He had an infection, and like all the UTIs beforehand it knocked him badly. Despite his initial lucidity immediately after the fall, within a few hours it was a different story. That was the last day he walked, last time he spoke any sense. He spent a week in hospital and was then discharged to a care home for two weeks’ rehab before coming home. In those two weeks he developed another infection, had another stint in hospital and was then discharged, bedridden, back to the care home. I’m not sure if we ever said out loud to each other that he was never coming back home, but I think we knew it. He didn’t really know who we were anymore. We would visit him and sometimes he would show vague recognition, sometimes he would barely acknowledge we were there. Only once in the 8 months he spent in the home did he call my Mum by her name. But, he was content. He seemed calmer there, more compliant certainly for the team of carers than he was for Mum at home. Less agitated, less aggressive, more at peace with where he was and who he was. Maybe he did recognise us because he always made more of an effort for the less regular visitors! His sister, a neighbour, and old friend, he always seemed more alert and aware when they visited, like he was playing host and had to make an effort.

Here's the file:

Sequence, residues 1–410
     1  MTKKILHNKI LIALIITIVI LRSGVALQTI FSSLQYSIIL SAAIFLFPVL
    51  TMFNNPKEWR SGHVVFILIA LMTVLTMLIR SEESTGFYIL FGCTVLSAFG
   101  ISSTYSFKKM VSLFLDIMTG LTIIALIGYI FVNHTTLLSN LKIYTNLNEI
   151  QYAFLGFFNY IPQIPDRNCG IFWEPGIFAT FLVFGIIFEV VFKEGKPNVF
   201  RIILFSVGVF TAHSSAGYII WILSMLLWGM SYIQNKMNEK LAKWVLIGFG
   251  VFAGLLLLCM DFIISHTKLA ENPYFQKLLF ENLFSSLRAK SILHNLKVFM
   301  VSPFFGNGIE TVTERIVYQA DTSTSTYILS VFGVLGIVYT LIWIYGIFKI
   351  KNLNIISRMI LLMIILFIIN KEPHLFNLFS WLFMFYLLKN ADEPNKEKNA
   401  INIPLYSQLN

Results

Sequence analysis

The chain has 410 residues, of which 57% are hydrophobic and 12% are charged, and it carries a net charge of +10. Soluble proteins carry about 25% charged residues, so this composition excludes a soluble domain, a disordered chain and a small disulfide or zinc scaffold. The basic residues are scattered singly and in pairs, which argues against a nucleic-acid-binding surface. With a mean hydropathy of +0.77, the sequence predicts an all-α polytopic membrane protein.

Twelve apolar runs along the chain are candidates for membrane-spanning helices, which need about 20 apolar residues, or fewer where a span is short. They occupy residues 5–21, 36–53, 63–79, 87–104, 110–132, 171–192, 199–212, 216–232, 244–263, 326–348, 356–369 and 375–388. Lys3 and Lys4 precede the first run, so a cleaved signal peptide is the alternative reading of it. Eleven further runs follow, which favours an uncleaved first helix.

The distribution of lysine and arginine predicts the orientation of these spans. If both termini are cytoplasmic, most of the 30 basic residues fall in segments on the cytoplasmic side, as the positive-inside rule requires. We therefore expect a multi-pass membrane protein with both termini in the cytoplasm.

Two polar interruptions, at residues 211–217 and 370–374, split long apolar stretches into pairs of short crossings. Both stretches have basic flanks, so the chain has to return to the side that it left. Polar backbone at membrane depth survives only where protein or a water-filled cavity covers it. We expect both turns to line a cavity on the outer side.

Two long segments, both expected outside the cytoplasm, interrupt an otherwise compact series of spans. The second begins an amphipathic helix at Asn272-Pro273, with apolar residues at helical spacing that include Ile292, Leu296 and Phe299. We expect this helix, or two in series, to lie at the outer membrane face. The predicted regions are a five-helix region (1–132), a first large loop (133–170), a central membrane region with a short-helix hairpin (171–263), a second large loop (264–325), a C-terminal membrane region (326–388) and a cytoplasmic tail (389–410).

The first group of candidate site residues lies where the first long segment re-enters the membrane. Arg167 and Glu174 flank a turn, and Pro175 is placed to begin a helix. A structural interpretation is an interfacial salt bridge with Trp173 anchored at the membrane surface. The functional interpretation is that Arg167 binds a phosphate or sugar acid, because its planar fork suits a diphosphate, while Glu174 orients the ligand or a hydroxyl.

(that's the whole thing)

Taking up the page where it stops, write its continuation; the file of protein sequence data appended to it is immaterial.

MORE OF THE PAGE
He communicated very little by now. He would mumble so quietly you could barely hear him, and what he did say never made any sense. Music is known to trigger good responses in people suffering from dementia and Dad was no different, while he could barely speak, he would sometimes sing along to music that was playing in the background, especially good old 60s rock. The last time I saw him my kids had made him birthday cupcakes. They took them in, so excited to give them to him. We put one in his hand and he scoffed the lot, I think I even saw a flicker of a smile as he licked his lips. That was a good day.

On 17th December 2019 we got the call. He woke up in the morning but was barely awake, they knew straight away that things weren’t good. Mum went over but arrived just a little too late. My sister and I didn’t really get to say goodbye. Although, as is almost always the case with dementia, he had really gone long before. There never is a chance to say goodbye as you can never define the moment when they are ‘gone’. It happened over a number of years, in Dad’s case fairly swiftly, and there is no one moment you can look back on as being your last. There are memories, moments, conversations and of course a connection that will never be gone.